Characters In Eperanza's Interactions With Women In Mango Street

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The words “I love you, Spanish girl” will forever linger in Esperanza's mind as well as the moment the boys at the carnival sexually abused her. Esperanza had many interactions with women on Mango Street. The women show both power and hopelessness. The men on Mango street would beat their wives and daughters restricting them from leaving the house. Esperanza struggled with her identity, she believed there was something bigger waiting for outside of Mango Street for her. One specific interaction that really affected Esperanza was with her friend Sally.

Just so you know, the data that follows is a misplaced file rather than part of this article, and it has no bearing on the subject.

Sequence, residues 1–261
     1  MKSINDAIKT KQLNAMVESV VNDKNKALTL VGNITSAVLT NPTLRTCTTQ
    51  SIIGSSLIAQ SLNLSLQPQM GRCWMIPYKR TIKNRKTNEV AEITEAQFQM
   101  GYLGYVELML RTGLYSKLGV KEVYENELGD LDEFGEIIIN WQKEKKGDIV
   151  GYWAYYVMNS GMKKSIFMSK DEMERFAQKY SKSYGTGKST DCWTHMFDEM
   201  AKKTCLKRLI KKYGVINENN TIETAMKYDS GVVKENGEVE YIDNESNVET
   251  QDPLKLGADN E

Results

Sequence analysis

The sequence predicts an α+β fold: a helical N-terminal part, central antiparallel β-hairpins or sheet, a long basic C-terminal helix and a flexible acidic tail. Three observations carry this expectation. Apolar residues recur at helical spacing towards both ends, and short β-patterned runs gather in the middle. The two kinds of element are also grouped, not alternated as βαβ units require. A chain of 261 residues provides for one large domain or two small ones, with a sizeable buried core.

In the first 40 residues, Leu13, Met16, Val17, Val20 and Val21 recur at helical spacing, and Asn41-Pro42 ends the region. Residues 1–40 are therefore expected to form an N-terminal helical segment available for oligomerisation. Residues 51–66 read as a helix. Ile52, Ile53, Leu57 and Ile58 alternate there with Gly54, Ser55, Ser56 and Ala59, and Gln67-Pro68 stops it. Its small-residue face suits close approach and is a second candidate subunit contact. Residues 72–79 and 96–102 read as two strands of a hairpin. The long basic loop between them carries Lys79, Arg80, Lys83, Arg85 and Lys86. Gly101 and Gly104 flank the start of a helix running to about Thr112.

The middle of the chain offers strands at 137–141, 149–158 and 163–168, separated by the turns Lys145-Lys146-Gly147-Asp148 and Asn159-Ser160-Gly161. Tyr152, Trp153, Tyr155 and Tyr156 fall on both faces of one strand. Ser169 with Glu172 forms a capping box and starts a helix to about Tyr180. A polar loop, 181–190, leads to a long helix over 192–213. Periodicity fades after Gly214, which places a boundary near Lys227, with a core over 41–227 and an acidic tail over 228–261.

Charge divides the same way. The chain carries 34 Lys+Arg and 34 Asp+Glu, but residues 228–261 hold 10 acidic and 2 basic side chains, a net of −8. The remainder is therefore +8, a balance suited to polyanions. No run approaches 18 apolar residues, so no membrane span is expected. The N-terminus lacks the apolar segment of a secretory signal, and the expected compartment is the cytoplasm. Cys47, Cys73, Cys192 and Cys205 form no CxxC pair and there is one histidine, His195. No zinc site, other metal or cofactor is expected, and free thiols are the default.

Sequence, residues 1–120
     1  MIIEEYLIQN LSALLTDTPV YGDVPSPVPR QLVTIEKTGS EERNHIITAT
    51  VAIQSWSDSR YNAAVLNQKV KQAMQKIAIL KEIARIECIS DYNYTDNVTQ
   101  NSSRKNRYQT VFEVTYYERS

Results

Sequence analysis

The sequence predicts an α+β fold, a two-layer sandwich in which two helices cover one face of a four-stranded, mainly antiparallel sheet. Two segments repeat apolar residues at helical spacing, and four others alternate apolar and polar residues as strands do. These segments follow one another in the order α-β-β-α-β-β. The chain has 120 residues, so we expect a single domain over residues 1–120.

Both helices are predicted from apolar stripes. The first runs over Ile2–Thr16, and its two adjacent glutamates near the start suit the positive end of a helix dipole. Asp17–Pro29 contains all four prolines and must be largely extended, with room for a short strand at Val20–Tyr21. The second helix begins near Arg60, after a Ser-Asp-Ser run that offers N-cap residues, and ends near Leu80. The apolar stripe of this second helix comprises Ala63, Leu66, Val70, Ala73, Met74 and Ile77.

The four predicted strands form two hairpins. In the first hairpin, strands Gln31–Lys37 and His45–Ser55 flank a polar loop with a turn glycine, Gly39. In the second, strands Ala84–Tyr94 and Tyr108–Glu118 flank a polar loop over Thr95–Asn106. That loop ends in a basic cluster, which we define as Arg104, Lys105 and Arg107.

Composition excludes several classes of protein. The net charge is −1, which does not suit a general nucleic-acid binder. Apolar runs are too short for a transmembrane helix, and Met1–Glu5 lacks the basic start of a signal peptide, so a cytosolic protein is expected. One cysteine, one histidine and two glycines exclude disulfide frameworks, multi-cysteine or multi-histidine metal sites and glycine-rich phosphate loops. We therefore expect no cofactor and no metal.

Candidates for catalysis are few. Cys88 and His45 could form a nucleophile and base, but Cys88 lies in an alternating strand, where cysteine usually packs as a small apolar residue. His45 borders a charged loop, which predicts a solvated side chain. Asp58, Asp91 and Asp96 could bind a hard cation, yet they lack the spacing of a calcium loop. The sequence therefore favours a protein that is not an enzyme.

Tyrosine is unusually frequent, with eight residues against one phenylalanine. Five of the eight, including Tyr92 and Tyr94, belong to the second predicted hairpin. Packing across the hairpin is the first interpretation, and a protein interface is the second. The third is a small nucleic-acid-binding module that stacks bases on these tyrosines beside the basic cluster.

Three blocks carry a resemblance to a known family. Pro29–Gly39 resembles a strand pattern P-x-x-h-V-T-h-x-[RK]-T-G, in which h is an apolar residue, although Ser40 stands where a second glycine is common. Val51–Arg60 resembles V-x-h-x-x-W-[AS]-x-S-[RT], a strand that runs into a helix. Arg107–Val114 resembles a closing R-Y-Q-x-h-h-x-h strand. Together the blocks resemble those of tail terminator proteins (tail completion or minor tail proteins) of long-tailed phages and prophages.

Sally was the prettiest girl in school, she attracted all the boys. Sally loved to play sexual games that would make boys fall in love with her only to dust them off as if they meant nothing to her. Esperanza admired Sally and was slightly jealous of how much attention she gets from the boys. Cisneros writes the carnival experience very clearly. She never specifies what the boys do to Esperanza making the reader draw conclusions. “Sally, make him stop. I couldn't make them go away. I couldn't do anything but cry” (Cisneros 100). Cisneros describes Sally as careless when she ditches her so-called friend to go do the nasty with an older boy. Esperanza is traumatized how the boys repeatedly said: “I love you, Spanish girl" as if those words allowed them to sexually abuse her. Esperanza blames Sally for leaving her alone. She is horrified form the way magazines and shows falsely portrayed sex. This implies that the boys raped her

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